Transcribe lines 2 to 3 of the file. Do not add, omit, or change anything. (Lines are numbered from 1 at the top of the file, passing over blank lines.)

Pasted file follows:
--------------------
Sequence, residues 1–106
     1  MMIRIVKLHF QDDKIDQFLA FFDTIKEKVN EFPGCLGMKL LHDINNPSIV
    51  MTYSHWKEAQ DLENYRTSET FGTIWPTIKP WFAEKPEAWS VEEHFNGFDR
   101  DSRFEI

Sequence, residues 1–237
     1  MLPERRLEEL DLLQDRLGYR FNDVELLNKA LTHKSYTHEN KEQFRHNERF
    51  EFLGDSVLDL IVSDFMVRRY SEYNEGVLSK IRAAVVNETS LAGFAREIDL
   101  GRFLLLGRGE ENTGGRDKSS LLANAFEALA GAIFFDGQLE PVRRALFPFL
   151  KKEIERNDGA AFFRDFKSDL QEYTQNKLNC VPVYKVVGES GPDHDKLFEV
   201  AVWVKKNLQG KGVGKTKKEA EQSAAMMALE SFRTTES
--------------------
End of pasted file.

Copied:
     1  MMIRIVKLHF QDDKIDQFLA FFDTIKEKVN EFPGCLGMKL LHDINNPSIV
    51  MTYSHWKEAQ DLENYRTSET FGTIWPTIKP WFAEKPEAWS VEEHFNGFDR